The National Association of Home Builders/Wells Fargo Housing Market Index, released earlier this week, showed that builder confidence in the market for new, single-family homes is holding steady at a low level of 15.
"Builders continue to confront the same major challenges they have seen over the past year, including competition from the large inventory of distressed homes on the market, inaccurate appraisal values, and issues with their buyers not being able to sell an existing home or qualify for favorable mortgage rates because of overly tight underwriting requirements," says Bob Nielsen, chairman of NAHB and a home builder in Reno, Nev. He noted that 41% of respondents to a special questions section of the HMI indicated they had lost sales contracts due to buyers' inability to sell their current homes.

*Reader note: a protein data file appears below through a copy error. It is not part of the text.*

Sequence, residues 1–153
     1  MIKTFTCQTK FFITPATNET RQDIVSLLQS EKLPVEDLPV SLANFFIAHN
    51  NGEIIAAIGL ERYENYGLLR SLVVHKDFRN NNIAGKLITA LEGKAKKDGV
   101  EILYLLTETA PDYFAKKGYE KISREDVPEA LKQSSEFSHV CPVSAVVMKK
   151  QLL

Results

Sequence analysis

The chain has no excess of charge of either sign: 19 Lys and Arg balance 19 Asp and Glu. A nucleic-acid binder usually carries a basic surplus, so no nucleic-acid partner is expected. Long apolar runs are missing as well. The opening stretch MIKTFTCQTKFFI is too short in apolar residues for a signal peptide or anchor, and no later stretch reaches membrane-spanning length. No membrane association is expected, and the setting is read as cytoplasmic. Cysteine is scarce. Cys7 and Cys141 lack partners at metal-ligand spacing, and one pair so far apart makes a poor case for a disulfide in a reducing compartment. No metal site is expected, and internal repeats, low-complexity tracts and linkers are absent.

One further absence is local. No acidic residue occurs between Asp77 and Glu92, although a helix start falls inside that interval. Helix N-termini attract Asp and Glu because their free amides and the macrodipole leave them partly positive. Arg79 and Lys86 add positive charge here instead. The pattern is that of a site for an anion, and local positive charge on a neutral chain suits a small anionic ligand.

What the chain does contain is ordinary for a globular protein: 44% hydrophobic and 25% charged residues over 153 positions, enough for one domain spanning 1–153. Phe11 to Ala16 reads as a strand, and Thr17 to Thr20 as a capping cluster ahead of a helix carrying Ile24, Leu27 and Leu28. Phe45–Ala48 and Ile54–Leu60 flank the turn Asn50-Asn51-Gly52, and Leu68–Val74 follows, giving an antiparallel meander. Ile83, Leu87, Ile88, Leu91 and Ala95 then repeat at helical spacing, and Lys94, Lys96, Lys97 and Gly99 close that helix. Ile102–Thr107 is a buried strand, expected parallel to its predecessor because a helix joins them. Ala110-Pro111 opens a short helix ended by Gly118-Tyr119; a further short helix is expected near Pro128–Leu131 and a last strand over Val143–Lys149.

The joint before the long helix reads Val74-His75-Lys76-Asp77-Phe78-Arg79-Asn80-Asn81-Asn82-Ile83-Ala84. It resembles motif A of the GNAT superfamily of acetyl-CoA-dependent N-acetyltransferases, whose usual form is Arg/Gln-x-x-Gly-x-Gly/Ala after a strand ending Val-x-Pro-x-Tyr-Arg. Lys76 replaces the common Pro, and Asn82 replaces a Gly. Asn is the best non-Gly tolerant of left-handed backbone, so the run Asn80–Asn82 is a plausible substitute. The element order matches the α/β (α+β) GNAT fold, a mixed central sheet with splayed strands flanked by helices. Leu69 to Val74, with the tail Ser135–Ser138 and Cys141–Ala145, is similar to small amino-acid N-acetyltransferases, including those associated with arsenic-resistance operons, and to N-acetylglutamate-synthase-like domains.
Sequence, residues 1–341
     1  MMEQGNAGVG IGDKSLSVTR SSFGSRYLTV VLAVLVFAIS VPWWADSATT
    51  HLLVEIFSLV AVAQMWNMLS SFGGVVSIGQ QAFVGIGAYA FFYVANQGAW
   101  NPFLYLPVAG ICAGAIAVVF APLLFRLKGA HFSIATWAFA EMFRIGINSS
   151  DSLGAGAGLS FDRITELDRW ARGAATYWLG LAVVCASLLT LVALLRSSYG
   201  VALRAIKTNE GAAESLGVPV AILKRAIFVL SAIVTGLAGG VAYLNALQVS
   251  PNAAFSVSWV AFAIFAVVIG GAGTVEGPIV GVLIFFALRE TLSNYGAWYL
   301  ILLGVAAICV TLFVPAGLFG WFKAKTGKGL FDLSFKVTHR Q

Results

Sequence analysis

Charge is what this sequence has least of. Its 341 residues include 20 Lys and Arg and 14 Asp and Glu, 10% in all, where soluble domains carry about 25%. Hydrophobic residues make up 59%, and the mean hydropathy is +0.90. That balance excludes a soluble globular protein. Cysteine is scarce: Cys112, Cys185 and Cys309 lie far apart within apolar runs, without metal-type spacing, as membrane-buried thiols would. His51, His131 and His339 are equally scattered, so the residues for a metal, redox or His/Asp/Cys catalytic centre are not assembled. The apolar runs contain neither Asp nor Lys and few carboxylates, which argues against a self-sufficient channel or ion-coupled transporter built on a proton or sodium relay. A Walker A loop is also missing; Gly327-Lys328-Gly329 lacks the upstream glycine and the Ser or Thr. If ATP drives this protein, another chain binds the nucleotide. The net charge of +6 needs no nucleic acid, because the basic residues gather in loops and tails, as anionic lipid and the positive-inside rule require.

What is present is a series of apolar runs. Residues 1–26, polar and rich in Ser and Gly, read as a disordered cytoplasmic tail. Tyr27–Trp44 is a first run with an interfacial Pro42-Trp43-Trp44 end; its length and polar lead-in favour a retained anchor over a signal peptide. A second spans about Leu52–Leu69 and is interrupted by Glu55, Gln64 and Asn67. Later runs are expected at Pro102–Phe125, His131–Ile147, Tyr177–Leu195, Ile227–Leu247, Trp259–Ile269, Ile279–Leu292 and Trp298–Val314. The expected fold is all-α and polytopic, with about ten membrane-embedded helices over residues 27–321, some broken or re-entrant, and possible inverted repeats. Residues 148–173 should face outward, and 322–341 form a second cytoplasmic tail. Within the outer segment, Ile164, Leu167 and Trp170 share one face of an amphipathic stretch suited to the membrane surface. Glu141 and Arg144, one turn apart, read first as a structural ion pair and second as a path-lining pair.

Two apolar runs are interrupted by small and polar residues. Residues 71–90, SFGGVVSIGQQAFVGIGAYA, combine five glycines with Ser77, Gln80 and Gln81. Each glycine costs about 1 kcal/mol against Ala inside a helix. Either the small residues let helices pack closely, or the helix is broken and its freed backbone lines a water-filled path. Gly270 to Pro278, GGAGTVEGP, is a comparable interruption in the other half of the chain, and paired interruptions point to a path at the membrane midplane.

"The uncertain economic climate and concerns about job security are discouraging many potential buyers from exploring a home purchase at this time," says NAHB Chief Economist David Crowe. "While buying conditions are very favorable in terms of prices, interest rates and selection, consumers are worried about what the future will bring, and builders are echoing those sentiments in their responses to the HMI survey."
The market index is derived from a monthly survey and gauges builder perceptions of current single-family home sales and sales expectations for the next six months. Scores from each survey component are used to calculate a seasonally adjusted index. Any number more than 50 indicates more builders perceive conditions as good. Two out of three of the HMI’s component indexes posted marginal gains in August. Current sales conditions saw a one point jump, as did gauging traffic. The component gauging sales expectations declined two points.
HMI tables can be viewed at nahb.org/hmi. More housing statistics are available at housing economics.com.